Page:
Known as the “couch potato of the shark world,” the nurse shark (Ginglymostoma cirratum) leads a sedentary life. By day, it rests, and by night, it creeps over the sandy floors and coral reefs of its shallow-water habitat, slurping up little animals along the way. But though it’s not a fast or aggressive fish, you should give it plenty of space: People who act carelessly around nurse sharks risk serious injuries. Here are 13 things that every ocean-lover ought to know about the nurse shark.
Here are few facts about Nurse Shark:
THE FOOD IS SUCKED UP BY THEM.
Nurse sharks consume a wide range of sea creatures, including conchs, squid, and sea urchins, as well as bony fish.
A cavity in the nurse shark’s throat produces a powerful suction that pulls hapless prey into the nurse shark’s mouth, where rows of short, backward-curving teeth crush the prey.
THEY HAVE THE ABILITY TO “WALK” Around THE OCEAN FLOOR.
Nurse sharks can normally be found in shallow coastal waters in the wild. The fish are nocturnal predators that hunt within 65 feet of the surface of the ocean (although adults sometimes rest in deeper waters during the daylight hours).
They live near coral reefs and coastal shelves, and the majority of their hunting occurs right on the ocean floor, where these slow-moving carnivores search for prey in or near the sand. Instead of swimming, they often “walk” around the bottom with their pectoral fins.
THE WHALE SHARK IS RELATIVE TO NURSE SHARK.
Adult whale sharks can reach 40 feet in length and weigh many tons, making them the world’s largest fish. This animal, like the nurse shark, feeds by sucking, but the similarities don’t end there. Whale sharks and nurse sharks are all members of the Orectolobiformes order, which includes 39 shark species found mostly in temperate and tropical oceans.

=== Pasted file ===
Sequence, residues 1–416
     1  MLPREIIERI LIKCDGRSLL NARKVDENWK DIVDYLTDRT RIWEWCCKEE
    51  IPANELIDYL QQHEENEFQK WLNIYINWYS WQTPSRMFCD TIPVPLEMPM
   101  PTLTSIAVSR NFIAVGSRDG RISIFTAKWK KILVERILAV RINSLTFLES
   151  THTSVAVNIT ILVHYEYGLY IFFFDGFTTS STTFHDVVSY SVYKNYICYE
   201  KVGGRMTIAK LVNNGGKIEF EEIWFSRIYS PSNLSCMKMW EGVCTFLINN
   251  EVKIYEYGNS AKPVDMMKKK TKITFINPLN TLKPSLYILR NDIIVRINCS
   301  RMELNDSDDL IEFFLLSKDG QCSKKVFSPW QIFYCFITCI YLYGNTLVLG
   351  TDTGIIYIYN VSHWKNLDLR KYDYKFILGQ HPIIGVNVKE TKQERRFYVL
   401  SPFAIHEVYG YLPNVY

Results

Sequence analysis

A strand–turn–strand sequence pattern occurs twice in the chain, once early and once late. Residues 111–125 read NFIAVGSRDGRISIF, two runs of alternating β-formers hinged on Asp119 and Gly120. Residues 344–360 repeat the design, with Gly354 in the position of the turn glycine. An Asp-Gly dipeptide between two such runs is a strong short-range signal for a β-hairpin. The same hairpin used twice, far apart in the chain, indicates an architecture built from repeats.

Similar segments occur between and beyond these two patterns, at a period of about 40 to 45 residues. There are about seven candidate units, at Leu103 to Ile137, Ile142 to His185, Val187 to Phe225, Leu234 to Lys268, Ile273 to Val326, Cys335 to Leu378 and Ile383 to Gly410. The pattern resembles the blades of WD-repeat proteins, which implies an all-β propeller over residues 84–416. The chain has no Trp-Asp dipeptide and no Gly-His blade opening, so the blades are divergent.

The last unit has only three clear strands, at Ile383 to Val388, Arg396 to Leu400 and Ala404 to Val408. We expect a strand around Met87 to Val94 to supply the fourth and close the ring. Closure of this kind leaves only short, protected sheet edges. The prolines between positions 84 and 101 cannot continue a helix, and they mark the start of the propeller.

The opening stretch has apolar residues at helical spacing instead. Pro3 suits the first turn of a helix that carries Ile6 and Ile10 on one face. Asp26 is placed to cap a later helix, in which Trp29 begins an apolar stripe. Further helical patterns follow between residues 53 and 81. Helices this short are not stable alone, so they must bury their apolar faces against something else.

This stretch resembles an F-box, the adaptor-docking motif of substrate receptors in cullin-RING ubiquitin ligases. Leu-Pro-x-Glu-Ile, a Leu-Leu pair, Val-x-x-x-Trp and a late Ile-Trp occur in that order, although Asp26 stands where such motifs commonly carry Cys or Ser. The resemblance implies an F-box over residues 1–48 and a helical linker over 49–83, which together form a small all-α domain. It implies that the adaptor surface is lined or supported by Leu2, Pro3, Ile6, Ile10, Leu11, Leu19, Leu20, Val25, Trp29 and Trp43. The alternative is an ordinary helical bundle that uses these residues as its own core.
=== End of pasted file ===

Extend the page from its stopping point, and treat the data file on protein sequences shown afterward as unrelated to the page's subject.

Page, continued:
They’re also known as “carpet sharks” because of their tiny mouths that don’t reach behind the eyes when viewed in profile. All of these fish have two dorsal fins and five sets of gill slits on their backs.
ADULTS CAN EXCEED TEN FEET IN LENGTH.
This species’ overall accurately measured length is 10.1 feet. In terms of weight, a 263.8-pounder caught by two fishermen (a father and his 15-year-old son) in 2007 was the heaviest adult ever recorded to the International Game and Fish Association. Day-old pups are 7.8 to 12 inches long, and a group of premature nurse sharks weighing between 4.2 and 5.3 ounces each were measured by scientists after being born near-term. It’s possible for big things to begin tiny.
NO ONE KNOWS HOW OR WHERE THE NAME “NURSE SHARK” ORIGINATED.
Why did people start calling this barbel-faced sea critter the “nurse” shark? It’s clearly not trained to care for hospital patients. It’s a linguistic puzzle, but historians have hypotheses.
Perhaps the suction-based feeding methods made sailors think of breastfeeding babies. Alternatively, the nurse in nurse shark may be a descendant of “huss,” an ancient term for an unrelated family of sea creatures.
(We now refer to them as “catsharks.”) Huss became nuss over time, a term that came to mean “shark” or “big fish.” But it’s possible that the name “nurse shark” is a misspelling of nuss.